Prenatal exposure to elemental mercury may be a potential hazard for the offspring of female dental personnel working with dental amalgam. The aim of this study was to investigate whether potential in utero exposure to mercury might have affected the development of nervous system of the sons of Swedish female dental personnel leading to an increased risk of neurological disease or intellectual disability.Material and methods:
We used national Swedish registers to investigate risks for diseases potentially related to adverse effects on neurodevelopment. Sons of female dentists (n=1690) and dental nurses (n=10,420) were compared with cohorts consisting of sons of other female healthcare personnel. Due to changes in mercury exposure in dentistry during the study period, analyses were stratified by decade of birth. Hazard ratios (HRs) were calculated using Cox proportional hazard models.Results:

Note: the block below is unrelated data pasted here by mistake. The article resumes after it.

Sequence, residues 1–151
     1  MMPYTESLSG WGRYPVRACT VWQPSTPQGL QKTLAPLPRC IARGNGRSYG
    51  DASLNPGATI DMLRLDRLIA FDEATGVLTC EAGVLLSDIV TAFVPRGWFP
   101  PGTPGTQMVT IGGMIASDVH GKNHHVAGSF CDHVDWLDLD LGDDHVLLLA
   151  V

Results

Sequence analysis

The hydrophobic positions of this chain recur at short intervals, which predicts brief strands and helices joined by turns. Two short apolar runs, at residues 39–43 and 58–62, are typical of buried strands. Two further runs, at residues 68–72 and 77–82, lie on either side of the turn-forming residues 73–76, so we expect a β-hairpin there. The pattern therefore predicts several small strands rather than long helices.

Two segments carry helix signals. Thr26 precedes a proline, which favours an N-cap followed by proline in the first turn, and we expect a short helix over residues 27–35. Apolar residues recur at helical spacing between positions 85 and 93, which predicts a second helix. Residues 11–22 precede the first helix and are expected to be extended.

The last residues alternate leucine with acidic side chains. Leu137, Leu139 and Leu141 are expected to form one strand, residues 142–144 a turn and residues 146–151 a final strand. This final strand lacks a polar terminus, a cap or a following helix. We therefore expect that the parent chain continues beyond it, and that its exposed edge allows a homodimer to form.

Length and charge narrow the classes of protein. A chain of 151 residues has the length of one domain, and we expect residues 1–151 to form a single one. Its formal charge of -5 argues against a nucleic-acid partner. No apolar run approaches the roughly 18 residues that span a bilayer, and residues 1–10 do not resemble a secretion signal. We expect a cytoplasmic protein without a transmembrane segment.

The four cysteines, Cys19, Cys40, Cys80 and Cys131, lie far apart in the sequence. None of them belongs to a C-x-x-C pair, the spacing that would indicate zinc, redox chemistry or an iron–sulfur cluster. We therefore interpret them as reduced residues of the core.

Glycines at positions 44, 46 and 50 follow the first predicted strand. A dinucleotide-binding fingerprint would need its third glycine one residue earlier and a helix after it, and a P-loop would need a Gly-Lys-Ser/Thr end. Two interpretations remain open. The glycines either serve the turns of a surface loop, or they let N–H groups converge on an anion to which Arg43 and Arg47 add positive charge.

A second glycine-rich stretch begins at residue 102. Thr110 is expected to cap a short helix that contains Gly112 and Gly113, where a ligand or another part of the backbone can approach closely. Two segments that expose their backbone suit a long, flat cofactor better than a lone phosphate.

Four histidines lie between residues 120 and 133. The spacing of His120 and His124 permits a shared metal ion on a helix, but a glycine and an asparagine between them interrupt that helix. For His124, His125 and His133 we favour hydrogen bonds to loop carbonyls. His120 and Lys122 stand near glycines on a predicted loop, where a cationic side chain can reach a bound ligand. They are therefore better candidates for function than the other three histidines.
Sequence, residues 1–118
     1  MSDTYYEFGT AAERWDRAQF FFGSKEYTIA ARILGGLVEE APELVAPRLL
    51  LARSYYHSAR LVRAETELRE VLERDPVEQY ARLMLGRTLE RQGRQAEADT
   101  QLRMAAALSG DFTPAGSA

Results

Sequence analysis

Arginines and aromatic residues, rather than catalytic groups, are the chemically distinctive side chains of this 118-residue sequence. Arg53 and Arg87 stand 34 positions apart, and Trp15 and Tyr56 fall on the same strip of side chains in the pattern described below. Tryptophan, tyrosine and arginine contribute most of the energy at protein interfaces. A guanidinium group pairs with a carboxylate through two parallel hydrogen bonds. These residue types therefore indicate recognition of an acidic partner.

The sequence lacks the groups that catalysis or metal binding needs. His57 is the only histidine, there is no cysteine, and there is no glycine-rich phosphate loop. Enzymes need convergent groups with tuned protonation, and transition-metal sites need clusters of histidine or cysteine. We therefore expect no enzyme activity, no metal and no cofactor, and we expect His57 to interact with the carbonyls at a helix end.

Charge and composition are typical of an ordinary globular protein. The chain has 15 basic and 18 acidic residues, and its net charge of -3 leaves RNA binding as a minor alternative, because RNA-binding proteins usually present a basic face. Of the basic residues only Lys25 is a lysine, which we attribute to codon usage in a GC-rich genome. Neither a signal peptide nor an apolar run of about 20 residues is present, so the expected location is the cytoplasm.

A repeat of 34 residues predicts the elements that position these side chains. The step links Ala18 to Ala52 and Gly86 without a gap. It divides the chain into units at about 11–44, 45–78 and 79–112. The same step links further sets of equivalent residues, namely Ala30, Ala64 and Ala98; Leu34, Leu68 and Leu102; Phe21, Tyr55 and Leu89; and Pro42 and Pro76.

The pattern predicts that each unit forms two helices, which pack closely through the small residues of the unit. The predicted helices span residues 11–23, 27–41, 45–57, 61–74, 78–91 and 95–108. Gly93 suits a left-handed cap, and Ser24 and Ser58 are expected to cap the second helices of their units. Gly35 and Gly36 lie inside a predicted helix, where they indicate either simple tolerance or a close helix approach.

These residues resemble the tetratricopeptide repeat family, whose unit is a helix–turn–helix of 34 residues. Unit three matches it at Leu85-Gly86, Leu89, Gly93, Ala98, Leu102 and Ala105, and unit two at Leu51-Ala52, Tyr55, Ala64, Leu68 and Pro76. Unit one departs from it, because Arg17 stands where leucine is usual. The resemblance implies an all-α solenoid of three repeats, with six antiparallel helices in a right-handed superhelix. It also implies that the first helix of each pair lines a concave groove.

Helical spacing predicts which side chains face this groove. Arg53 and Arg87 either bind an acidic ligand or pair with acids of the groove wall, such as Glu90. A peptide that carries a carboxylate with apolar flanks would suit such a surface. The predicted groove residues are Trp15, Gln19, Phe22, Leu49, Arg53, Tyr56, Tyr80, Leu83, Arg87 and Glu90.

We found no elevated risk for neurological disease, epilepsy or intellectual disability among the sons of dental personnel during any of the decades studied. HRs for neurological disease among the dental nurse cohort were even below 1.00 during the 1970s and 1980s. A low number of events resulted in uncertainty regarding results in the dentist cohort.Conclusions:
We did not find any support for the hypothesis that mercury exposure in Swedish dentistry during the 1960s, 1970s or 1980s had any effect on the incidence of neurological disease or intellectual disability among the sons of female dental personnel. Our results imply that current use of dental amalgam should not represent an elevated risk for neurological disease or intellectual disability among the offspring of dental personnel.